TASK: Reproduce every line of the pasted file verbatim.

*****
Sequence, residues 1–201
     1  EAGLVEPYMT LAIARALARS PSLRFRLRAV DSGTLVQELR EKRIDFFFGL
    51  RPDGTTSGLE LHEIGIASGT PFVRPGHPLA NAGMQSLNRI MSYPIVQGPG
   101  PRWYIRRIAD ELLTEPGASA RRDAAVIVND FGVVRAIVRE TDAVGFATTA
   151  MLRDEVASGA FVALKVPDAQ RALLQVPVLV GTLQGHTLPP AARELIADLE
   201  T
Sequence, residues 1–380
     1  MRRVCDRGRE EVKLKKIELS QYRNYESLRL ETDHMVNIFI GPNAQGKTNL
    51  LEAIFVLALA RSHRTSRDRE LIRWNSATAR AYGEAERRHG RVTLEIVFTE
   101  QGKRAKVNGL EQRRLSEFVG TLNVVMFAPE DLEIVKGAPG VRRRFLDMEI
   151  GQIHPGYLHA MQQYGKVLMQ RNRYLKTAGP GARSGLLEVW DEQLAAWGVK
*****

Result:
Sequence, residues 1–201
     1  EAGLVEPYMT LAIARALARS PSLRFRLRAV DSGTLVQELR EKRIDFFFGL
    51  RPDGTTSGLE LHEIGIASGT PFVRPGHPLA NAGMQSLNRI MSYPIVQGPG
   101  PRWYIRRIAD ELLTEPGASA RRDAAVIVND FGVVRAIVRE TDAVGFATTA
   151  MLRDEVASGA FVALKVPDAQ RALLQVPVLV GTLQGHTLPP AARELIADLE
   201  T
Sequence, residues 1–380
     1  MRRVCDRGRE EVKLKKIELS QYRNYESLRL ETDHMVNIFI GPNAQGKTNL
    51  LEAIFVLALA RSHRTSRDRE LIRWNSATAR AYGEAERRHG RVTLEIVFTE
   101  QGKRAKVNGL EQRRLSEFVG TLNVVMFAPE DLEIVKGAPG VRRRFLDMEI
   151  GQIHPGYLHA MQQYGKVLMQ RNRYLKTAGP GARSGLLEVW DEQLAAWGVK